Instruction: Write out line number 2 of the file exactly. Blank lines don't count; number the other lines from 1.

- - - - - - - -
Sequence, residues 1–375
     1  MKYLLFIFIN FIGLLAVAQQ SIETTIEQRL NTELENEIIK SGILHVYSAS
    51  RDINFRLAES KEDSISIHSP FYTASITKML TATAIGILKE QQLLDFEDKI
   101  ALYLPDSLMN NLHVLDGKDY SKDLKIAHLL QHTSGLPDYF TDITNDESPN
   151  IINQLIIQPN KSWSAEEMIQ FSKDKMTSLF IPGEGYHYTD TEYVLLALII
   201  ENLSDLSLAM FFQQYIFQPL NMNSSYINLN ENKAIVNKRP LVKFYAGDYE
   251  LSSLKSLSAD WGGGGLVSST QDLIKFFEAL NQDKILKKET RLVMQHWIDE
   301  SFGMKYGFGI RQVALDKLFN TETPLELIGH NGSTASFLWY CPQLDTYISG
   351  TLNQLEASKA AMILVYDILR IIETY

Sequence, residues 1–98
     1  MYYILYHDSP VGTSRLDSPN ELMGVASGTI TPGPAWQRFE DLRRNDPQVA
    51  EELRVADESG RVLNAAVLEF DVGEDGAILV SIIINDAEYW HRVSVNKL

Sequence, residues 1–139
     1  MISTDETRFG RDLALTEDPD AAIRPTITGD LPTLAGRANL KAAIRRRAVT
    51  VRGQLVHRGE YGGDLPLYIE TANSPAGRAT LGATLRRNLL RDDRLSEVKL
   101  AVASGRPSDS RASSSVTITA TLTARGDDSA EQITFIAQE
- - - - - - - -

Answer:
     1  MKYLLFIFIN FIGLLAVAQQ SIETTIEQRL NTELENEIIK SGILHVYSAS